Based on these studies, it seems about 20–80% of people infected with Covid-19 could show symptoms. If this range turns out to be correct – and we combine it with our estimate that one in 15 people with symptoms are being reported – it would mean that hundreds of thousands of people in the UK have probably been infected with Covid-19 already, but not tens of millions. Of course, all these early studies have limitations in how the data was collected and what groups were being studied. To understand how much infection there has actually been, what we need are studies that collect blood samples from the wider population and test for previous exposure to Covid-19. As it happens, this was the key point made by the Oxford researchers in their paper, and it’s one I fully agree with.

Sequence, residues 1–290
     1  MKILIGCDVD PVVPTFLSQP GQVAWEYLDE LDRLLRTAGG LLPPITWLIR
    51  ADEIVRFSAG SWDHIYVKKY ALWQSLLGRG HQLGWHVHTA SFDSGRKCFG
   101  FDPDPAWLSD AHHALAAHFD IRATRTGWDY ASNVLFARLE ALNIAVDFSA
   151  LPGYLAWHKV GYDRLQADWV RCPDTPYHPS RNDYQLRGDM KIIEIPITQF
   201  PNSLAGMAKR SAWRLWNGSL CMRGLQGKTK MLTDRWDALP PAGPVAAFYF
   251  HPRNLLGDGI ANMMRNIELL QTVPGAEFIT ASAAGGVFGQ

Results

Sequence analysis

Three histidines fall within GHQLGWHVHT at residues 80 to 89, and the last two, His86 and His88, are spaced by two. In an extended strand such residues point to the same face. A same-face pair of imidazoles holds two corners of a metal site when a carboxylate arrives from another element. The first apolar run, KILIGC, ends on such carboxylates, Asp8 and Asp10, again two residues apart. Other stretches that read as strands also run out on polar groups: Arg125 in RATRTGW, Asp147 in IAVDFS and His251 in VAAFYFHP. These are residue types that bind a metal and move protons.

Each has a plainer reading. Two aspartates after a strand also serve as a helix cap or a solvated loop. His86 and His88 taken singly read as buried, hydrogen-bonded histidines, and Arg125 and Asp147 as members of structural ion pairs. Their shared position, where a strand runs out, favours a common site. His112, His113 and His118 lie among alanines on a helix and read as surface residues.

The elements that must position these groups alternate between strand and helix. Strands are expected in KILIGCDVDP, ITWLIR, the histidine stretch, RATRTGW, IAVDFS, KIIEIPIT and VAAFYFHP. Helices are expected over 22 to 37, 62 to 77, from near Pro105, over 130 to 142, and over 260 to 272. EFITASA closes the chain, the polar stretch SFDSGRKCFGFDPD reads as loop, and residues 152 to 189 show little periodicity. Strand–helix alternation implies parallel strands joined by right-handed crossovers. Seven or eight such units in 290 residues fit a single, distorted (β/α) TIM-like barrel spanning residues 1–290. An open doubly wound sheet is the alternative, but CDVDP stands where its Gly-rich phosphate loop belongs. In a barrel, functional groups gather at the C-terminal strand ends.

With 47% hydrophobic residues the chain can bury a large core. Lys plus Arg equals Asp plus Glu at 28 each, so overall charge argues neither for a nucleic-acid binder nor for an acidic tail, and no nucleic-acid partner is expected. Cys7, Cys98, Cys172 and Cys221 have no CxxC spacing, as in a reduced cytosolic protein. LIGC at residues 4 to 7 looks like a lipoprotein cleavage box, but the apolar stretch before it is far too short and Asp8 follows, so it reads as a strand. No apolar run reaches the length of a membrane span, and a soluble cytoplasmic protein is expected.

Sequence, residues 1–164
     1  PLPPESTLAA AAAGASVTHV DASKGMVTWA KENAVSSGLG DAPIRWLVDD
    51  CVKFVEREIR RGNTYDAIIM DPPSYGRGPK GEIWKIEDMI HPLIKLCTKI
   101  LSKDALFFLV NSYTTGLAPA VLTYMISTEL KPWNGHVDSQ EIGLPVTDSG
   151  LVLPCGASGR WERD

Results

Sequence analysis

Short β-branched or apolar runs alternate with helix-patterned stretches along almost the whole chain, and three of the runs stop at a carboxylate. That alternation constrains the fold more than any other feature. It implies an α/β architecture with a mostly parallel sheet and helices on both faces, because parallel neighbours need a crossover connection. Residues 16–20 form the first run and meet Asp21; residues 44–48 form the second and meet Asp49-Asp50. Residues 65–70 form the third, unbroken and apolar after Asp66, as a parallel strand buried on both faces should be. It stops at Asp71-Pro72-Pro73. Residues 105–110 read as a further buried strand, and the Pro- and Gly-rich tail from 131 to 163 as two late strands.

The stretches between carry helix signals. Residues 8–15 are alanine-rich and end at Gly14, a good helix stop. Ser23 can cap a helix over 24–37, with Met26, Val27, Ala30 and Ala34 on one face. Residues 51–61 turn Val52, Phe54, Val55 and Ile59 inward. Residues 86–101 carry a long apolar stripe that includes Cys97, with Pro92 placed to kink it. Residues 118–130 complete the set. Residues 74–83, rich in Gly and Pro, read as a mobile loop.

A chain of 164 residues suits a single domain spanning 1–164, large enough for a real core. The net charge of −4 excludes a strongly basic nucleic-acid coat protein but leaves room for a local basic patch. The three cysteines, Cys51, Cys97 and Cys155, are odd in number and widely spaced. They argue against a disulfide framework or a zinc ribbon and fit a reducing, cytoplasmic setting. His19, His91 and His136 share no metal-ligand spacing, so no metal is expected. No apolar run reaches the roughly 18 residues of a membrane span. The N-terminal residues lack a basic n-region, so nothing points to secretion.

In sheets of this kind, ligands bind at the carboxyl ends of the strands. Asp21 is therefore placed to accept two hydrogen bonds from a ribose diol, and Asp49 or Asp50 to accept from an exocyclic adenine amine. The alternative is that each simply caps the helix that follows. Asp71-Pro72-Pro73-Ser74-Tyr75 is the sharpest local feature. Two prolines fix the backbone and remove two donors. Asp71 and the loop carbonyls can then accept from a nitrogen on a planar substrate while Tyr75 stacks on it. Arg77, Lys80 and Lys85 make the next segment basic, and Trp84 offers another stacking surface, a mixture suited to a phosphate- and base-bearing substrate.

There is growing evidence that, on average, people who show Covid-19 symptoms have a 1–1.5% risk of death. This has been estimated in studies of data from Wuhan, early international cases, and the Diamond Princess (with data adjusted to account for the older age of the cruise ship passengers). But this 1–1.5% risk just tells us what happens to people who have clear symptoms. If, as the above studies suggest, only 20–80% of infections come with symptoms, it would mean that for every 100,000 people who get infected with Covid-19, we would expect somewhere in the region of 200–1,200 deaths (ie between 100,000 x 20% x 1% and 100,000 x 80% x 1.5%).